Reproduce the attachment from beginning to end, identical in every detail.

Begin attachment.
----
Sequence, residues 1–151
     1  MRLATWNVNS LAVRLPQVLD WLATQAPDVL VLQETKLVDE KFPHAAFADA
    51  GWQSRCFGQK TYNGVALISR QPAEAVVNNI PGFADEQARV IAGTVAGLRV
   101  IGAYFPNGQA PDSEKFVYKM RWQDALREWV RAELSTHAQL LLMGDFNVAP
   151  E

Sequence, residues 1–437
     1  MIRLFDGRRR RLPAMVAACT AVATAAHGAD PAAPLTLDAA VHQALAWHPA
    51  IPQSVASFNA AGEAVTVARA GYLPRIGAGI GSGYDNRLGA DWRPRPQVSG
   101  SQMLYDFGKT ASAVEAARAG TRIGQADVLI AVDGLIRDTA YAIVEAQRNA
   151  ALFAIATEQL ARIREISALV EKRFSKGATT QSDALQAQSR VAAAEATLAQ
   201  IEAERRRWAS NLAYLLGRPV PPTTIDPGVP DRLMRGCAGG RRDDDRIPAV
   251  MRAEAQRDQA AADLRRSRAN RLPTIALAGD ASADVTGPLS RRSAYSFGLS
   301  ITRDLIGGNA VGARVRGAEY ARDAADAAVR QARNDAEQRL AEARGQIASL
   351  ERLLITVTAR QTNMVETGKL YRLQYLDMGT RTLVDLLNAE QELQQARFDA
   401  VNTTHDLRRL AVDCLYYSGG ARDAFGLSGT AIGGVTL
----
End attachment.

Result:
Sequence, residues 1–151
     1  MRLATWNVNS LAVRLPQVLD WLATQAPDVL VLQETKLVDE KFPHAAFADA
    51  GWQSRCFGQK TYNGVALISR QPAEAVVNNI PGFADEQARV IAGTVAGLRV
   101  IGAYFPNGQA PDSEKFVYKM RWQDALREWV RAELSTHAQL LLMGDFNVAP
   151  E

Sequence, residues 1–437
     1  MIRLFDGRRR RLPAMVAACT AVATAAHGAD PAAPLTLDAA VHQALAWHPA
    51  IPQSVASFNA AGEAVTVARA GYLPRIGAGI GSGYDNRLGA DWRPRPQVSG
   101  SQMLYDFGKT ASAVEAARAG TRIGQADVLI AVDGLIRDTA YAIVEAQRNA
   151  ALFAIATEQL ARIREISALV EKRFSKGATT QSDALQAQSR VAAAEATLAQ
   201  IEAERRRWAS NLAYLLGRPV PPTTIDPGVP DRLMRGCAGG RRDDDRIPAV
   251  MRAEAQRDQA AADLRRSRAN RLPTIALAGD ASADVTGPLS RRSAYSFGLS
   301  ITRDLIGGNA VGARVRGAEY ARDAADAAVR QARNDAEQRL AEARGQIASL
   351  ERLLITVTAR QTNMVETGKL YRLQYLDMGT RTLVDLLNAE QELQQARFDA
   401  VNTTHDLRRL AVDCLYYSGG ARDAFGLSGT AIGGVTL